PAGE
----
The Médaille militaire (Military Medal) is a decoration of the French Republic which was first instituted in 1852.


Médaille militaire


     The creator of the médaille was the emperor Napoléon III, who may have taken his inspiration in a medal issued by his father, Louis Bonaparte, King of Holland. The Military Medal is issued to any non-commissioned officer or enlisted personnel who distinguishes himself by acts of bravery in action against an enemy force. Commissioned officers are not eligible. An interesting feature of the médaille is that it's also the supreme award for leadership, being awarded to generals and admirals who had been commanders-in-chief. This particular médaille is considered superior even to the grand cross of the Légion d'honneur. After the First World War, the Military Medal was also issued for receiving wounds in combat.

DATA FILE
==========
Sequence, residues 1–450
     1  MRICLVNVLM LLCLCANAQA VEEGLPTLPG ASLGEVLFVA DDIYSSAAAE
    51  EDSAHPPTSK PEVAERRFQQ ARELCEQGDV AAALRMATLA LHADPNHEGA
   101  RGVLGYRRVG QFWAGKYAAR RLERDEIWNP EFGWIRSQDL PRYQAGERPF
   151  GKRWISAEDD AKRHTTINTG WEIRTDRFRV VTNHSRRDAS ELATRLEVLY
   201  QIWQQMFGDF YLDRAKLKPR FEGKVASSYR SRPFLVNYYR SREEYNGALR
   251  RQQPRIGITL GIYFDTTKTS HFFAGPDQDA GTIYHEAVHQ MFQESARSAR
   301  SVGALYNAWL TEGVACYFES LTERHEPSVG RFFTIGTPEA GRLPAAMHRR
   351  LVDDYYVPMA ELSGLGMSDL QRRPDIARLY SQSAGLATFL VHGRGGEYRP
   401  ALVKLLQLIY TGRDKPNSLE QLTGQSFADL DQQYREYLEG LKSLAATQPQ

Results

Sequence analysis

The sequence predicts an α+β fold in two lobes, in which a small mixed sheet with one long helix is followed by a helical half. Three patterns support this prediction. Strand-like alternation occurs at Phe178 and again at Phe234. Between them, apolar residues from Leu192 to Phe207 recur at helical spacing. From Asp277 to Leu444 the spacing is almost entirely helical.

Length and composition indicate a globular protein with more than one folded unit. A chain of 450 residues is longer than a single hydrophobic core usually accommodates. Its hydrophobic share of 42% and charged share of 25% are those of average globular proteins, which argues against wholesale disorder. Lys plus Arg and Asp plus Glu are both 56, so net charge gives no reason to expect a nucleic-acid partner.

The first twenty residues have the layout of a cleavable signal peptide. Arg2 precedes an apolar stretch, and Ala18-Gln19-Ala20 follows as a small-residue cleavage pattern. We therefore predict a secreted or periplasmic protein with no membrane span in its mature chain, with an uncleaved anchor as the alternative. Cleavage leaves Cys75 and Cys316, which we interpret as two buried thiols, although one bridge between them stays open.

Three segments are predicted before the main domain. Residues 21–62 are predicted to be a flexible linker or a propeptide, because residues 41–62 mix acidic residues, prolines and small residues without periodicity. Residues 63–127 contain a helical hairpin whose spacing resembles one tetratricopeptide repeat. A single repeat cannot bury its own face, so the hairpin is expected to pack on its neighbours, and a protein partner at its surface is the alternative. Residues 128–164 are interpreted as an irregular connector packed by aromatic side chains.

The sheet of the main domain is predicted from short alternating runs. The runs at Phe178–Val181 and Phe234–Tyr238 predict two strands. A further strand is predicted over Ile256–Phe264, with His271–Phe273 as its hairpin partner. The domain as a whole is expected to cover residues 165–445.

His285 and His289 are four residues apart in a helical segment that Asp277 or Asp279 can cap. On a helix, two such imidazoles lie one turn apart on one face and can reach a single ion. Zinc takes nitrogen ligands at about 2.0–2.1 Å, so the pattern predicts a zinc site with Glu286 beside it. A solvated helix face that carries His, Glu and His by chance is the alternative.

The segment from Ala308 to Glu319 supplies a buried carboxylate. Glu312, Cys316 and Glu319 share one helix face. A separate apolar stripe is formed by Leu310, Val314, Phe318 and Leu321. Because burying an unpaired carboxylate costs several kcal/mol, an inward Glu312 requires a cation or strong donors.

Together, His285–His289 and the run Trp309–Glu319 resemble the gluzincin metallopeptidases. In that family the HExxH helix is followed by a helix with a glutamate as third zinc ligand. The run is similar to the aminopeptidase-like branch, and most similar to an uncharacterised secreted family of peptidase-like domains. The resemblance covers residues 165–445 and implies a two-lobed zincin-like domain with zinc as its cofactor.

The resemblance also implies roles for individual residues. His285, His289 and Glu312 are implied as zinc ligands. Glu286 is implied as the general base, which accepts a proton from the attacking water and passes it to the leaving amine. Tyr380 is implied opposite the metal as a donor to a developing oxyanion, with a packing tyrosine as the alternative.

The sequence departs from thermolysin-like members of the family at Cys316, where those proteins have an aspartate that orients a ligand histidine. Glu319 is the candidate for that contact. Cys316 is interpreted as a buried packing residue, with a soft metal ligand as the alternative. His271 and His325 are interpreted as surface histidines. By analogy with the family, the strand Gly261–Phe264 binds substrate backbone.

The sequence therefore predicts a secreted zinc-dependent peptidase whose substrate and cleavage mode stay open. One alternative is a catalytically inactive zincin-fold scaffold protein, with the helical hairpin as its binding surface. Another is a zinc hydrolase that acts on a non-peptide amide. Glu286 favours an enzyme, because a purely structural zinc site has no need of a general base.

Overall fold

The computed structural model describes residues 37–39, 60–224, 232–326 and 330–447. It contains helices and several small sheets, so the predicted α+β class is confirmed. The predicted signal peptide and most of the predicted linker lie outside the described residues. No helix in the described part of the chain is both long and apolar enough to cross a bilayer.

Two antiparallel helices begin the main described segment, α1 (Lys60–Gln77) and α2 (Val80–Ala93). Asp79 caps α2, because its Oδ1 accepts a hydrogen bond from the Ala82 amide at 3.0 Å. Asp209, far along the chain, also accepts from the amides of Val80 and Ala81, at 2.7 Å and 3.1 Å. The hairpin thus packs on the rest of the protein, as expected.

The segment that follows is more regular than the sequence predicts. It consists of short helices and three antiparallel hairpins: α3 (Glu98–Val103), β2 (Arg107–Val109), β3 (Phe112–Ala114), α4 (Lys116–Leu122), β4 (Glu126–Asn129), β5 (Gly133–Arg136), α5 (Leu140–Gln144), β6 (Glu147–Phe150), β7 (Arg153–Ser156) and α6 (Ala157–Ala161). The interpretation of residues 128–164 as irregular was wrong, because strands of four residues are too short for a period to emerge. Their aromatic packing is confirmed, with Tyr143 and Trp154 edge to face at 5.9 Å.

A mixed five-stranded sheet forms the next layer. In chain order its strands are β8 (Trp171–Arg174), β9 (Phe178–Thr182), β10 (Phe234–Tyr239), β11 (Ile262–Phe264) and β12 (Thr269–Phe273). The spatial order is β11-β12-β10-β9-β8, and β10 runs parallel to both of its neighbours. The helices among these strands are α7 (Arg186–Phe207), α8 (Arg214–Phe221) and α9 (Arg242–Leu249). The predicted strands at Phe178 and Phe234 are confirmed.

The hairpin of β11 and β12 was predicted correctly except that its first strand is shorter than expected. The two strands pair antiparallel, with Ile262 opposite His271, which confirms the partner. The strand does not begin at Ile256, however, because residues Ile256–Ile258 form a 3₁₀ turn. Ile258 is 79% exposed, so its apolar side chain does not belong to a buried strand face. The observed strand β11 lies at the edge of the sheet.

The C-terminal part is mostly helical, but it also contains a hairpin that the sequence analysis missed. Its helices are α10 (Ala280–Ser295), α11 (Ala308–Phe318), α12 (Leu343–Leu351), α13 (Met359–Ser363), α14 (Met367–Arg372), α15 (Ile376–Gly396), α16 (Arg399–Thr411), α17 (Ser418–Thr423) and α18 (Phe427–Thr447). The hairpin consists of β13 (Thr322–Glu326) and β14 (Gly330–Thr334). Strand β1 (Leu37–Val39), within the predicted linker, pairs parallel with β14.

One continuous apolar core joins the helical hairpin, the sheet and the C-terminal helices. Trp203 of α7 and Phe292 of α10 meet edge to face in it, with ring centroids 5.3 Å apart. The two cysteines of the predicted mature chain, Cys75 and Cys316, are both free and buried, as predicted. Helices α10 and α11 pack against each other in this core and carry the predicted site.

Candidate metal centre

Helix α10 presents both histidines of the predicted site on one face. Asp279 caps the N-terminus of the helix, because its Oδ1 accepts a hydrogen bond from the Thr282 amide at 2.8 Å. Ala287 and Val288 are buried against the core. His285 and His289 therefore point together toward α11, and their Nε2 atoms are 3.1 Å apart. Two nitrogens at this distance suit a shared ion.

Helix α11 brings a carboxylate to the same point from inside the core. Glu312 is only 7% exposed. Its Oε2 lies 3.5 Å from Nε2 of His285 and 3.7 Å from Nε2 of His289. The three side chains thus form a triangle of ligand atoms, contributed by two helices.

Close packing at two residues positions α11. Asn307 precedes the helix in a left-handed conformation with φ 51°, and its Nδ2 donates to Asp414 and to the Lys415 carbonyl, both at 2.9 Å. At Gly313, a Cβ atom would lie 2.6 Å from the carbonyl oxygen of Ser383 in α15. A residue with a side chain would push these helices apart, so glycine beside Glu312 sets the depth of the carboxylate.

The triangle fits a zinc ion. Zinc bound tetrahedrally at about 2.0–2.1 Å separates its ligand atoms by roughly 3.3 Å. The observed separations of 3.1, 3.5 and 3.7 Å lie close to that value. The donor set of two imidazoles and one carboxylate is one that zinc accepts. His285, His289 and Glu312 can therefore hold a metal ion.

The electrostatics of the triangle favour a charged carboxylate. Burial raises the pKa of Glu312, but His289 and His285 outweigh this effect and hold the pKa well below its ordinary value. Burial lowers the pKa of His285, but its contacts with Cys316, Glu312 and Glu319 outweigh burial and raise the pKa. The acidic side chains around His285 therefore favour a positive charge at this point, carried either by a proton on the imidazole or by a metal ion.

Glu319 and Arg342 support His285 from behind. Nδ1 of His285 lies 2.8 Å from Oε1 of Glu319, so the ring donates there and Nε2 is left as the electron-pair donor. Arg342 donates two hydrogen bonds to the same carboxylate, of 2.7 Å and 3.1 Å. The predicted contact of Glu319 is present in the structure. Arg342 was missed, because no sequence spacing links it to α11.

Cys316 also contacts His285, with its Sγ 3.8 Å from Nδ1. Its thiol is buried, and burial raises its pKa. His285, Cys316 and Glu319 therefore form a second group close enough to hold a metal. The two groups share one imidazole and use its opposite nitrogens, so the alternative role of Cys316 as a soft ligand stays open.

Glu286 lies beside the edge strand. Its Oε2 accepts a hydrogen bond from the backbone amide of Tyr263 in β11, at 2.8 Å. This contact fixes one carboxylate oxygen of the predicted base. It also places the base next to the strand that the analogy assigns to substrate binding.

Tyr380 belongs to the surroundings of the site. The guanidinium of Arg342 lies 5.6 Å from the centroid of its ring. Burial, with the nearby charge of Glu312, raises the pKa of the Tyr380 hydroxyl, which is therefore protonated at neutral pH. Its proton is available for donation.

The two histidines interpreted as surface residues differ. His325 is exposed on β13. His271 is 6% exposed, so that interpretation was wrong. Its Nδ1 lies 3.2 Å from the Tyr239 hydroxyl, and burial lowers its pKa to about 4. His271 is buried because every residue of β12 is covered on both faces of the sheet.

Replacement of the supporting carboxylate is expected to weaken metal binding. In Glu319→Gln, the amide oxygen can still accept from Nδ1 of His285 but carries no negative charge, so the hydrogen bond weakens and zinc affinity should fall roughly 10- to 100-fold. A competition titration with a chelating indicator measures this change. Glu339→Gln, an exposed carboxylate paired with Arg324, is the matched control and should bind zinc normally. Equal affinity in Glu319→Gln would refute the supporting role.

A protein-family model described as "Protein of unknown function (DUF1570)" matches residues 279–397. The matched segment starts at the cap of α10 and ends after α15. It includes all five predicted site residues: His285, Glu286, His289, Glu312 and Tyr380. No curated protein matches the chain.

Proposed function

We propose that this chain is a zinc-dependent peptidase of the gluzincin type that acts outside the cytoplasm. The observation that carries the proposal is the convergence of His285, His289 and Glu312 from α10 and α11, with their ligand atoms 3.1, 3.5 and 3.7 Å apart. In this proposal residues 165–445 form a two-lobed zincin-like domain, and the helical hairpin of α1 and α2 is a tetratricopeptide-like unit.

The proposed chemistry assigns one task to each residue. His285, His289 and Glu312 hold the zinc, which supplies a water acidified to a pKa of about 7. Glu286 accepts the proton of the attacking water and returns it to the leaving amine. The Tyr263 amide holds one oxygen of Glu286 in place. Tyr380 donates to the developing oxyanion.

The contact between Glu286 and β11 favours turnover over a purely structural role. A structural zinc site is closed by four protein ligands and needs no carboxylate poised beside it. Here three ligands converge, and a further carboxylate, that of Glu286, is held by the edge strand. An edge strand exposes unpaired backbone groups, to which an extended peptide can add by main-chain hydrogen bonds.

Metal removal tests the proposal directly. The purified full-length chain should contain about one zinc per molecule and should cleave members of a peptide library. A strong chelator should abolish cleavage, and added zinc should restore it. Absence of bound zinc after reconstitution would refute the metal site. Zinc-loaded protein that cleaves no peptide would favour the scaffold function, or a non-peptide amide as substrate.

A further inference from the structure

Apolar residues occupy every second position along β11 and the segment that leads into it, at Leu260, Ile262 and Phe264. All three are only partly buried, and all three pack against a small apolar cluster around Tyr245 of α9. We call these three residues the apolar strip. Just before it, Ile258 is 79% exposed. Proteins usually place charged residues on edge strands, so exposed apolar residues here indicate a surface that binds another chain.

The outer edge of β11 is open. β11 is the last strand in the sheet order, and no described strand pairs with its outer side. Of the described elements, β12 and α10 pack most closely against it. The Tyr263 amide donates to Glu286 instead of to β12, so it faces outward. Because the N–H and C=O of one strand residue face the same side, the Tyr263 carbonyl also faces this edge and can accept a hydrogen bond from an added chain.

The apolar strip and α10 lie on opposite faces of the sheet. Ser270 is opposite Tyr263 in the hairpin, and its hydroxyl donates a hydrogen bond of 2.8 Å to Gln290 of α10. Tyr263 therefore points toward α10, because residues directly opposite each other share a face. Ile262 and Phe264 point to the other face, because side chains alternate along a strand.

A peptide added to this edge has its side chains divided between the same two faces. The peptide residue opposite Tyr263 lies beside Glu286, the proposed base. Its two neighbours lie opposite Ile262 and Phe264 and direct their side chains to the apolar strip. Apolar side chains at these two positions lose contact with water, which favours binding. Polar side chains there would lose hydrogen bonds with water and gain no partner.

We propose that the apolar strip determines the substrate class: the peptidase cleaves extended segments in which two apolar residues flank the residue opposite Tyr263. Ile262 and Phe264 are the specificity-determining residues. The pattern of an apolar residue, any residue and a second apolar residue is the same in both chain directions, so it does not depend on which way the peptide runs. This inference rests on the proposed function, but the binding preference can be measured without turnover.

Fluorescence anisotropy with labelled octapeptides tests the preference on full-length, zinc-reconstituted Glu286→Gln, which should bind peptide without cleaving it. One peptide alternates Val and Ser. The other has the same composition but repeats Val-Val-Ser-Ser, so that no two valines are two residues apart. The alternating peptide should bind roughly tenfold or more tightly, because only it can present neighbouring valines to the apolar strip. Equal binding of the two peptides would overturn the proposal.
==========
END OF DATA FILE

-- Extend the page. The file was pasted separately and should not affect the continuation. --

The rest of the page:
The Médaille militaire is one of rarest French decorations to be bestowed upon foreigners, in contrast to such medals as the Croix de guerre.